Eberly Hosted Junior Achievement Titan Business Challenge

Posted on 3/28/2014 2:32:29 PM

Junior Achievement ChallengeTeams from nine area high schools converged in Eberly College on March 20, 2014, for the Junior Achievement Titan Business Challenge.

“The Junior Achievement Titan Business Challenge was designed to release student creativity, test leadership skills, and demonstrate the competitive nature of the free enterprise system,” Kelli Ruiz, director of Education for the Junior Achievement of Western Pennsylvania, said.

Teams of three students were matched with business consultants and taught the nuances of running a global business.

The challenge consisted of three rounds, each representing a business quarter. The first round was five minutes, and the rounds shortened by one minute as the challenge progressed.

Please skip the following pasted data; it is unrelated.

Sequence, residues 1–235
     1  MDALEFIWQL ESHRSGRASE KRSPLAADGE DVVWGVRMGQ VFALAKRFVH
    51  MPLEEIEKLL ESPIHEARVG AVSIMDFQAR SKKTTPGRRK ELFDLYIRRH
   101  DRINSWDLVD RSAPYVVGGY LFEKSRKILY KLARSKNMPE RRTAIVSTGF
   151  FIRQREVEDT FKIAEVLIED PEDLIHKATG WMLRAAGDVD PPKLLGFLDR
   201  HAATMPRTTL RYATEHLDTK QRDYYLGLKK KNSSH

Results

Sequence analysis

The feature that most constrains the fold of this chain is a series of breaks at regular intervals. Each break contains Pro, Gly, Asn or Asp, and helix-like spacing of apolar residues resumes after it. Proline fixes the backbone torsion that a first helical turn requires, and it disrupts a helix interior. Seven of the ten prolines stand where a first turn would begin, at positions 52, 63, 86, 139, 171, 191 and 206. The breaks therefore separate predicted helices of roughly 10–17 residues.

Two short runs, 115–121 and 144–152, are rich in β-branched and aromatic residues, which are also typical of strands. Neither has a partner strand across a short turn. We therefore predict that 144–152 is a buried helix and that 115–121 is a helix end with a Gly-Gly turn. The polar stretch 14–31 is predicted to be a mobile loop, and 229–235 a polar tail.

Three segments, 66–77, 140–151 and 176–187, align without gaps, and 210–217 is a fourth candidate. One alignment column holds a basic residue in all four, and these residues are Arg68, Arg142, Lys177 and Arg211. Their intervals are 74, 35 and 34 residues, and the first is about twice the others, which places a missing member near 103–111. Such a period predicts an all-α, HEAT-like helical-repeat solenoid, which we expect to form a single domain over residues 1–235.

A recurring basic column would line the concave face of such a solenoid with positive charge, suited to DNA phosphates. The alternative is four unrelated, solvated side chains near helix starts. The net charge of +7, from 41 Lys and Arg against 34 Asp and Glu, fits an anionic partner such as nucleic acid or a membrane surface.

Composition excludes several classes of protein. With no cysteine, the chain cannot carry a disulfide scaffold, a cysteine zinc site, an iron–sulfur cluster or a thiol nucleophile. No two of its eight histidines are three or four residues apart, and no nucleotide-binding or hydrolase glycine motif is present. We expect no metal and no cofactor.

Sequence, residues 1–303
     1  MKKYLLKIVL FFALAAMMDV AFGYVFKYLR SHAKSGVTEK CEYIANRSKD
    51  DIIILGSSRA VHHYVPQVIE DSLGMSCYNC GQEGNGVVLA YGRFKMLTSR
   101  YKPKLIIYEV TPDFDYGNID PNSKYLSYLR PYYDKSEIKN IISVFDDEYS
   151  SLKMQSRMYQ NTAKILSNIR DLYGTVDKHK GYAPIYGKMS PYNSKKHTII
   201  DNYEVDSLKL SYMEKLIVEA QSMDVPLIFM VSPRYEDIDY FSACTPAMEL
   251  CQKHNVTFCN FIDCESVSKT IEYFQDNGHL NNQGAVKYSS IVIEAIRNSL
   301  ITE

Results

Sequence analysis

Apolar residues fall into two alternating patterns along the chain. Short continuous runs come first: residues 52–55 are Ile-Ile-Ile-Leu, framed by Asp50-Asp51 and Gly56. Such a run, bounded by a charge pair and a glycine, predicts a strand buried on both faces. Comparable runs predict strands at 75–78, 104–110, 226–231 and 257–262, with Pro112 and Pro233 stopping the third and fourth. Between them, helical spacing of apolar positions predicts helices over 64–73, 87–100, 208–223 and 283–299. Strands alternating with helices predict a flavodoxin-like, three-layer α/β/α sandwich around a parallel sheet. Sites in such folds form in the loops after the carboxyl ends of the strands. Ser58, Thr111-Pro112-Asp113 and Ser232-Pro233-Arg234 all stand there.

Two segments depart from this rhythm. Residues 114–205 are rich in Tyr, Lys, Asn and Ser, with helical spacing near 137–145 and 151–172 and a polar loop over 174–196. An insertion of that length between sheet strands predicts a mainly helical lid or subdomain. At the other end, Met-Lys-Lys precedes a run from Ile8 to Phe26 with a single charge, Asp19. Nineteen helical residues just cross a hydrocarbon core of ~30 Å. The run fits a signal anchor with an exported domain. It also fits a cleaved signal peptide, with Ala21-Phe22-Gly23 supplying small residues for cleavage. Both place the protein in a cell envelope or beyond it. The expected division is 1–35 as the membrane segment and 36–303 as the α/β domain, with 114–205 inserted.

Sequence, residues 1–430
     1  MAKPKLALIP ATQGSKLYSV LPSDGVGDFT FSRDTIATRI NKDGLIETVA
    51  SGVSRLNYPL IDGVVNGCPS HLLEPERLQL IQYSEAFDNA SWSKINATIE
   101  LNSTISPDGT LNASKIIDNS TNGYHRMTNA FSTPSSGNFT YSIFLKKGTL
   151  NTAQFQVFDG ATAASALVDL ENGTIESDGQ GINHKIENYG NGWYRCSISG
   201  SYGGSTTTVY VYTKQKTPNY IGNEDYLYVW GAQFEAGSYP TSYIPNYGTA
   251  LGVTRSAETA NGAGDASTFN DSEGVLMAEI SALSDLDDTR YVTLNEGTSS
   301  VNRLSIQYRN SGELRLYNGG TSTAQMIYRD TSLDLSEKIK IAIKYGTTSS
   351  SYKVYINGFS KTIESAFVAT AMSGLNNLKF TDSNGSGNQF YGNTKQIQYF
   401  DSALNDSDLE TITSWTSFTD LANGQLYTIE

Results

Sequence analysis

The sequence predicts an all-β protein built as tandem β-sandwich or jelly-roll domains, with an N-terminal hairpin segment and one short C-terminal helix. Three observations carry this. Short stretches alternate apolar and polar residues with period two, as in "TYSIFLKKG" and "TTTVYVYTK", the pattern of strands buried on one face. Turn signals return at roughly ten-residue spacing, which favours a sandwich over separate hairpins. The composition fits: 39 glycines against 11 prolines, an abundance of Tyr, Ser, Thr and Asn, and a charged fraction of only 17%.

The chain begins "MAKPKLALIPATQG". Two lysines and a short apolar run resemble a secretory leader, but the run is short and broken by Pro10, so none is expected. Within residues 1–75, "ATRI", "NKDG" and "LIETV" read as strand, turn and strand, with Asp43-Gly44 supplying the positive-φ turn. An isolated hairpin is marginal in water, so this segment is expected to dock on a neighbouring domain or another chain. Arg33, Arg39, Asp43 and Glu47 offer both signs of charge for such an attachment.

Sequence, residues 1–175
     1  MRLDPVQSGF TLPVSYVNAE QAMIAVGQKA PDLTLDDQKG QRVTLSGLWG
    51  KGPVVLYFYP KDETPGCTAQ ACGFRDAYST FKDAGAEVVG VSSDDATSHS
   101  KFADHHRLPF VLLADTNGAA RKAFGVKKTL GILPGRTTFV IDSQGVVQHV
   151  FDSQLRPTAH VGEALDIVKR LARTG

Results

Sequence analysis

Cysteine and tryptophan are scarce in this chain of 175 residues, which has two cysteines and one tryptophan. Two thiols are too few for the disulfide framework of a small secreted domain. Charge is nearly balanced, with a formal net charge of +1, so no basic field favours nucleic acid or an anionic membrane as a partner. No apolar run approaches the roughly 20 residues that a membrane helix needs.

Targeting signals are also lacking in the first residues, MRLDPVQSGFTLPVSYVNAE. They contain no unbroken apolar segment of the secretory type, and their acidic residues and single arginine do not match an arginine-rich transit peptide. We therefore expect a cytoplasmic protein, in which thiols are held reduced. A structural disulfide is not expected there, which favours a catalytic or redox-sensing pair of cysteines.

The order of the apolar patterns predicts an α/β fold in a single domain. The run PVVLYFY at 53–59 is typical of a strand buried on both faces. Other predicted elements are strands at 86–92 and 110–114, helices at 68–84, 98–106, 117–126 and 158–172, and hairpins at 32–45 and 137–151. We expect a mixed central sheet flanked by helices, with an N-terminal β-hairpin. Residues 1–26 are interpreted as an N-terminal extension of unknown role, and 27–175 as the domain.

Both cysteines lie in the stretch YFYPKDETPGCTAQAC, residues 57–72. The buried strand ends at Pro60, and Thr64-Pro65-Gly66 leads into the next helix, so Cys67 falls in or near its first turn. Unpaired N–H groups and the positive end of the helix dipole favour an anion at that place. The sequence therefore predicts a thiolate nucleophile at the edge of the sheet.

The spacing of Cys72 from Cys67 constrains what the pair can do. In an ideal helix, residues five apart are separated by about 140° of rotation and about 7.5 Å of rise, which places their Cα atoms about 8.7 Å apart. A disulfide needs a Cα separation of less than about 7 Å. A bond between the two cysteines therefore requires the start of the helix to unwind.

The student teams strategized to operate the most successful global business by making real economic decisions on price, production, marketing, capital investment, and research and development, which they do online in the highly competitive industry of the fictional Holo-Generator.

The success or failure of the teams’ virtual business hinges on the key decisions made by the students, Ruiz said.

Students learned how to make and applied business decisions and interacted and learned from business leaders.

Students were also introduced to industry reports, balance sheets, profit and loss statements, and market conditions.  

“This program benefits students by teaching them how to make business decisions,” Ruiz said.

Following the competition, door prizes and student awards were handed out. First place won $100 per person, second place won $50 per person, third place won $25 per person, and fourth place won $20 per person.

Door prizes included gift cards to local eateries, Walmart and Sheetz.

Junior Achievement of Western PA connects corporate and community volunteers with young people to inspire them and prepare them to succeed in a global economy.

Eberly College of Business and Information Technology

—Aleda Johnson